The study showed that white matter abnormality occurring during the neonatal period was a key predictive factor for four out of five language areas seven years later. White matter abnormalities were associated with performance in phonological awareness, semantics, grammar, and discourse.

However, the results indicated that other factors associated with prematurity are also likely to influence language ability. Researchers said it's possible that environmental factors provide additional influence on language abilities; however, say further research is needed to understand the most significant determinants of cognitive skills.

Lead researcher, A/Professor Peter Anderson said the study highlights that families should closely monitor their child's language development.

The study, which is published in Journal of Pediatrics, found the group of children born very premature performed significantly worse than the children born at term on all language areas assessed including spoken word awareness, semantics, grammar, discourse and pragmatics.

"Language development is a clinically important area of development concern in these children. Paying close attention to a premature babies' language development is essential for parents so that discrepancies from normal development can be discovered and addressed during early childhood."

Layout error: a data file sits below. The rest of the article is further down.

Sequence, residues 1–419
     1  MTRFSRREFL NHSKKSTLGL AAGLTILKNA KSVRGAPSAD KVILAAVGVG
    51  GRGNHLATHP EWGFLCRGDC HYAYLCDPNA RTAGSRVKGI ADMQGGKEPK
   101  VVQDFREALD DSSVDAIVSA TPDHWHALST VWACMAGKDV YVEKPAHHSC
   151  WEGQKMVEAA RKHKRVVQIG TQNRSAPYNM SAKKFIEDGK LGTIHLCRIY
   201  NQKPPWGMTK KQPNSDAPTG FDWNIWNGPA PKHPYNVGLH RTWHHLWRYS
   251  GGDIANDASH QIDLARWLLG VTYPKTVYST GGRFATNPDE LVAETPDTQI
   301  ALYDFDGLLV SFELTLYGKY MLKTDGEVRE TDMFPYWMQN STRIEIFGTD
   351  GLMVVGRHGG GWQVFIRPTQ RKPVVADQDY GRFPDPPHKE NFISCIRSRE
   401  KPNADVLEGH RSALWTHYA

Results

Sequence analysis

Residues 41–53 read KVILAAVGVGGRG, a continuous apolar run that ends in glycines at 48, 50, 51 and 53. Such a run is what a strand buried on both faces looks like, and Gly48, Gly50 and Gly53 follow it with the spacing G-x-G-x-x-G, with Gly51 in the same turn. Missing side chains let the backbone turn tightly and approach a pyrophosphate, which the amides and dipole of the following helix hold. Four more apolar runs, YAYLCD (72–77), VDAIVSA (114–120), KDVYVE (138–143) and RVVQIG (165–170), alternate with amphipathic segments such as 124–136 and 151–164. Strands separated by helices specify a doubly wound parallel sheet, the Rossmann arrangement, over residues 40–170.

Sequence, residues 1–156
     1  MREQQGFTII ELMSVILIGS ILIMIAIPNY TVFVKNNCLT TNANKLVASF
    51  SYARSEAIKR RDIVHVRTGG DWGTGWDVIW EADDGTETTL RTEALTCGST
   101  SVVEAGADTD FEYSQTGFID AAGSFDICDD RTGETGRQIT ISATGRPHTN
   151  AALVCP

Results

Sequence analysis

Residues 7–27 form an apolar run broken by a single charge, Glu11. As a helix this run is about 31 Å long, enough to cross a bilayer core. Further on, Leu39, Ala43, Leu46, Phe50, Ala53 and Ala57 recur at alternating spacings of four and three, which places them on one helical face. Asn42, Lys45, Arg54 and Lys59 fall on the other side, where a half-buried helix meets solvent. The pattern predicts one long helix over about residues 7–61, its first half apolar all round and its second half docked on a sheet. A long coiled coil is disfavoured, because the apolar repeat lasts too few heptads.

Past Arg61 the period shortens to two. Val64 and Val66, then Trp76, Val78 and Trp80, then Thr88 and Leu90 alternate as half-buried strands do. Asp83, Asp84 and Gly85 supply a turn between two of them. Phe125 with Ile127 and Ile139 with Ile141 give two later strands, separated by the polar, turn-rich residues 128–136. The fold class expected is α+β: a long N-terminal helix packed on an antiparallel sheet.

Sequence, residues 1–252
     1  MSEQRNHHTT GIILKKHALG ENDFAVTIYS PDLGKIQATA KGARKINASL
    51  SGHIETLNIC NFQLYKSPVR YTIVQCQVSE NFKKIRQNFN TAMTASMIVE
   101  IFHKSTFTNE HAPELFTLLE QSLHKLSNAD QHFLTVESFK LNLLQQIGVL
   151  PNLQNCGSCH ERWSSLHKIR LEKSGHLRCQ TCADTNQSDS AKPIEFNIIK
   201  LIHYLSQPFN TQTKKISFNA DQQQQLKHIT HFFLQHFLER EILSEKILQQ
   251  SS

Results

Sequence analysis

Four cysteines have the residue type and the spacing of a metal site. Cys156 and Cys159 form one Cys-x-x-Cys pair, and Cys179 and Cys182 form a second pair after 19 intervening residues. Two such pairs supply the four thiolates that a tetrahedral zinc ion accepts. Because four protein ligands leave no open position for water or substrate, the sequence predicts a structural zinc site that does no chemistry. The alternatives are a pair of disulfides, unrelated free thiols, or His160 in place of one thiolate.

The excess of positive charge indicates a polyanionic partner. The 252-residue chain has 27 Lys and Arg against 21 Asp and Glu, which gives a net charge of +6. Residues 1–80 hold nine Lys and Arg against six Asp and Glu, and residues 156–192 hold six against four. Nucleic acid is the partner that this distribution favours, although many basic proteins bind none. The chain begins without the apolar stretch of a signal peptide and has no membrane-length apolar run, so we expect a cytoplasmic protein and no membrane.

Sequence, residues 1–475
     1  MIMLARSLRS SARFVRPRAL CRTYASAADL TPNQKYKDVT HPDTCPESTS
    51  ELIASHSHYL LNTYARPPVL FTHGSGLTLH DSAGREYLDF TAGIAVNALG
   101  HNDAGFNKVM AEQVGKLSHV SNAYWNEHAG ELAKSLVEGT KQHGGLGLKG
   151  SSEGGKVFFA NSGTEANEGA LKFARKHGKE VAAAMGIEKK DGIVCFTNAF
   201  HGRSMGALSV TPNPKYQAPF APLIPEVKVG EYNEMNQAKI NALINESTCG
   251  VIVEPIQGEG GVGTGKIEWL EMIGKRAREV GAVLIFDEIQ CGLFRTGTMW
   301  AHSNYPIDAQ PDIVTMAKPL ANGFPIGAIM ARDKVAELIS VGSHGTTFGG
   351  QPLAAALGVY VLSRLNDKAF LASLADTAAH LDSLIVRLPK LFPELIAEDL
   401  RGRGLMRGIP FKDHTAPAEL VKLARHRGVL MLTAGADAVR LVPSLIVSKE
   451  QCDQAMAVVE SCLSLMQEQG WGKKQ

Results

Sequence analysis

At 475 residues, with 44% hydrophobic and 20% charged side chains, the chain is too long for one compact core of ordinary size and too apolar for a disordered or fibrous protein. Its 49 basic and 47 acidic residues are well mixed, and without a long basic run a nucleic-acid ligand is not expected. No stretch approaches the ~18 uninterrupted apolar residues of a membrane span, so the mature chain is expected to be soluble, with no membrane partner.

Researchers from the Institute are now developing a new preventive intervention for premature babies, which they hope will enhance language development, along with other functional outcomes.

Published in Industry News
Monday, 31 March 2014 13:52

Preterm Infants: Visual Processing

An Australia research project looking at the long-term outcome of preterm birth on visual processing has found that despite advances in medical care improving the survival rate of high-risk extremely low birth weight and/or extremely preterm infants, visual morbidity is still relatively high compared with controls in late adolescence.

 

Ocular growth and development differ between extremely low birth weight (ELBW, ,1000 g) or extremely preterm (EP, gestational age ,28 weeks) and term children and may have long-term negative consequences for visual function. Visual sensory and perceptual skills are important for a range of functions and everyday activities, such as classroom learning, overall school performance,successful social interaction, and social cognition. Consequently, understanding the nature and frequency of visual deficits in ELBW/EP children is vital to inform adequate and appropriately targeted clinical follow-up and to increase focus on developing avenues for remediation.